In this project, the following three feeding routines were compared: ad libitum feeding, feeding a specific amount of food once per day (24 h schedule) and free access to food except during 4 h per day (4 h removal, Figure 1). Animals of the 24 h schedule received one big food pellet once per day directly after weighing. The size of the pellet was adjusted on a daily basis to reduce the animal's weight to 90–95% of its initial body weight. On average, mice of the 24 h schedule received 3.4 g of food each day. The 4 h removal group had free access to food except during the time from 8 a.m. to 12 p.m., which is the time directly after the lights were turned off. Body weights of all groups were assessed subsequent to the food removal in the 4 h removal group, daily between 11 a.m. and 12:30 p.m. Thereby, it was ensured that all animals were handled only in the dark, i.e., their active phase.
Figure 1. Schematic timeline of experiment 1. From PND 76 on, the animals were subjected to individual feeding routines and either fed ad libitum (ad lib), according to the 4 h removal (4 h) or the 24 h schedule (24 h). They were kept to this diet for a total experimental time of 8 weeks. Effects on animal welfare were evaluated by home cage behavior observations (HCB), measurements of fecal corticosterone metabolites (FCMs), and different behavioral tests, including the Human-Animal Interaction Test (HAI), the Novel Cage Test (NC), the Elevated Plus Maze Test (EPM), the Dark-Light Test (DL) and the Open Field Test (OF). All information on PNDs have an accuracy of ±2 days. Please note that in this experiment no base values of corticosterone metabolite concentrations were assessed.
Mice were kept to the different feeding routines for a total duration of 8 weeks (Figure 1). During this experimental time, a series of tests was conducted to evaluate the effects of the feeding routines on the animals' welfare. Briefly, fecal corticosterone metabolites (FCMs) were measured non-invasively every other week (PND = 78 ± 1, 92 ± 1, 105, 119, Figure 1). Furthermore, home cage observations were conducted during the first 3 weeks of the experimental phase to record basic activity levels of the animals (HCB; PND = 76-93, Figure 1). Finally, a battery of behavioral tests was conducted between PNDs 94 and 127, including the Human-Animal Interaction test (HAI), the Elevated Plus Maze (EPM), Novel Cage Test (NC), Dark Light Test (DL), and the Open Field Test (OF) to investigate human-animal interactions, anxiety-like behavior and exploratory locomotion (for details see Figure 1).
In the second experiment, three groups were compared: ad libitum feeding, a 24 h schedule and a group in which food was automatically delivered by a clock-like apparatus that was placed onto the cage lid [automated feeding routine, AUTO, adapted from SnackClock (KravitzLab)]. Both the ad libitum group and the 24 h schedule group were treated in the same way as in experiment 1. Similar to a 24 h schedule, the amount of food for animals of the AUTO group was adjusted on a daily basis to reduce their body weight to 90–95% of their reference initial body weight. On average, mice of the 24 h schedule and the AUTO group received about 3.5 g of food each day. The apparatus which delivered the food pellets in the AUTO group consisted of a clockwork to which a wheel-like structure was attached (Figures 2B,C). The wheel included several small compartments for pellets, which would fall into the food tray at specific time points spread over the day. A complete turn of the wheel equaled 24 h. To determine the specific feeding time points, 15 mice were video recorded (EH1000H- 4 Nano cameras, AVer Information Inc., Taiwan) for 72 h after they were transferred to individual housing conditions (PND = 62 to 66). Subsequently, their feeding profile was analyzed using instantaneous sampling every 10 min (Figure 2A). Feeding behavior was defined according to previous publications (29). The profile was used for choosing six feeding time points according to the observed feeding pattern. Four time points of high feeding activity were chosen for the dark period (10 a.m., 12 p.m., 5 p.m., and 7 p.m.). Since general feeding activity was low during the light period, for this time only two time points were chosen (12 a.m. and 4 a.m.). For the calculation of food amount, body weights were assessed daily before the first delivery time point in the AUTO group between 8 and 9:30 a.m. Therefore, the time of body weight assessment differed slightly from experiment 1.The 24 h schedule group received their daily adjusted food amount as one big pellet per day. The food for animals of the AUTO group was divided into six smaller parts, relative to the feeding activity recorded at the different time points, and placed into the respective food compartment.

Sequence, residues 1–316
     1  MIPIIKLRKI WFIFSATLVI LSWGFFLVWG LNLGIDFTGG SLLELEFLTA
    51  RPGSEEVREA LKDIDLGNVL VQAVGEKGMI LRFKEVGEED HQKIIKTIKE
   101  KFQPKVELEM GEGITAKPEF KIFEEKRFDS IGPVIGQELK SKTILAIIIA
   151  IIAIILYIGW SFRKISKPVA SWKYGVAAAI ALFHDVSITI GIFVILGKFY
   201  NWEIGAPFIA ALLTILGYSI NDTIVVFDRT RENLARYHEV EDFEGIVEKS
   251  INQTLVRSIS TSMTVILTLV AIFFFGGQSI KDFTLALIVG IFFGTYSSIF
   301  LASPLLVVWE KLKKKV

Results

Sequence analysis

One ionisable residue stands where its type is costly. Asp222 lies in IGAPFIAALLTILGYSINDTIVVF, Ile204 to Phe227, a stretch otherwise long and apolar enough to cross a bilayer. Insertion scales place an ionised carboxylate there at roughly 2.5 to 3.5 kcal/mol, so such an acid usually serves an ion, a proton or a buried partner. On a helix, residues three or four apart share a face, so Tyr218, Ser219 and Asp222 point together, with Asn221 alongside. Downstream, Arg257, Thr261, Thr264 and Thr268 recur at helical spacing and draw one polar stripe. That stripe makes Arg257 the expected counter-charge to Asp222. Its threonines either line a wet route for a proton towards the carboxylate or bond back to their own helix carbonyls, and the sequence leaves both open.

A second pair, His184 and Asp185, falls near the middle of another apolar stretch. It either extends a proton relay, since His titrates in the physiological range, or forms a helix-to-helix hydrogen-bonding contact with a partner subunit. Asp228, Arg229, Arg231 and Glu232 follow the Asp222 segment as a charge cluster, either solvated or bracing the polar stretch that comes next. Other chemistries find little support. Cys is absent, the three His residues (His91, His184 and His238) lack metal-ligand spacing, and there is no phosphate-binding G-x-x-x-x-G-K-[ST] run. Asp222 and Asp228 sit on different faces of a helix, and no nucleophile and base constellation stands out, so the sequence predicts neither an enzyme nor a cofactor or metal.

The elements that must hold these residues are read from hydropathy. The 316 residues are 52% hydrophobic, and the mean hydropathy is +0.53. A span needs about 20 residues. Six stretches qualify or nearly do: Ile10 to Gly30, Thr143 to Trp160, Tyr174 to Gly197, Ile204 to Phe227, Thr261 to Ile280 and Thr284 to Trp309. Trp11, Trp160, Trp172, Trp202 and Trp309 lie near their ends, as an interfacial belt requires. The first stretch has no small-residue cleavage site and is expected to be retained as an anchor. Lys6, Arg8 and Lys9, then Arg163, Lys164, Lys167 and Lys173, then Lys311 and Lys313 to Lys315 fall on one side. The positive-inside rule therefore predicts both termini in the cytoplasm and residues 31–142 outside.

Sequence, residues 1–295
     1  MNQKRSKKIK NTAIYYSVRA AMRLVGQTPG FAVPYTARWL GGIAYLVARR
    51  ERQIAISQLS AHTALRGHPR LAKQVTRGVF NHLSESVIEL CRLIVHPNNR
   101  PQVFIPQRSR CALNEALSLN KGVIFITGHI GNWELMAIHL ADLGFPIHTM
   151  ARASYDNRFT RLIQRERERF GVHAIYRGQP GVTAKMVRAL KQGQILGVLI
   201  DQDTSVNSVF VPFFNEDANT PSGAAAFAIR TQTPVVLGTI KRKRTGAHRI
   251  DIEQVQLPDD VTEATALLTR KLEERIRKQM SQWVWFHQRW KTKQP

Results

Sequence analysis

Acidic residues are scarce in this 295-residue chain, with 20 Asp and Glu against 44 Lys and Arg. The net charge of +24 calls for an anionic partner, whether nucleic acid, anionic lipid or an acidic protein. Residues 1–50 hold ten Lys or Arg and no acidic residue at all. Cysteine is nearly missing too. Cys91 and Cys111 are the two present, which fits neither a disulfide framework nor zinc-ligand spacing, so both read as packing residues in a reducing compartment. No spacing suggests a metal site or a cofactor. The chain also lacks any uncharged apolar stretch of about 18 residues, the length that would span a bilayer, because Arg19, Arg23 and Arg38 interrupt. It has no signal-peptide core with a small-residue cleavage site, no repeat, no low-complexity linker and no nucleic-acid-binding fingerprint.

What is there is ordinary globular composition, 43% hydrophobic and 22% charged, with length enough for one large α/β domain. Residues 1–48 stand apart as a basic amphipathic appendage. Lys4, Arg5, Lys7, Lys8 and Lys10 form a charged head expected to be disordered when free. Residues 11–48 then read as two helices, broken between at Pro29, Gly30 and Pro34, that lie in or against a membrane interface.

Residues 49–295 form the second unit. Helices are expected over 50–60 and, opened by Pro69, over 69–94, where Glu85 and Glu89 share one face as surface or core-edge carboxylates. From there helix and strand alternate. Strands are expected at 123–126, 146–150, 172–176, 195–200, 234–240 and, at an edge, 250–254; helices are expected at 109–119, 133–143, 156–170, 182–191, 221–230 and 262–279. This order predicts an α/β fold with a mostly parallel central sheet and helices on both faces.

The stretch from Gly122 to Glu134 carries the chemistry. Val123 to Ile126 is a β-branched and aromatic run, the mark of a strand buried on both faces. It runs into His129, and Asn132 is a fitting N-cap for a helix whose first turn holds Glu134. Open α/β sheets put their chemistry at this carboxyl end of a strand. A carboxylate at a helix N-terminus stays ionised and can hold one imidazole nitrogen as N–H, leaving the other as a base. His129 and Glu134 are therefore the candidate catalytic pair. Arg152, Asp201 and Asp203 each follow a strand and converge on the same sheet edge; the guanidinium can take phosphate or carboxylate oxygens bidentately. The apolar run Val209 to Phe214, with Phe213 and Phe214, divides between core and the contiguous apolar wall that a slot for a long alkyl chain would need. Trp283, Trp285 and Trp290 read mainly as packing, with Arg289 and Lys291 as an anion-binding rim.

Figure 2. (A) Feeding activity as percentage of intervals spent feeding in ad libitum fed mice (n = 15). Numbers 1–6 symbolize the feeding time points in the AUTO group. (B) Clock-like apparatus positioned in the food tray of a home cage. (C) Symbolic representation of the automated feeding apparatus. Food pellets were divided into smaller pieces, reflecting differences in the feeding activity at the different time points [1–6, as indicated in (A)] and placed into the respective food compartments.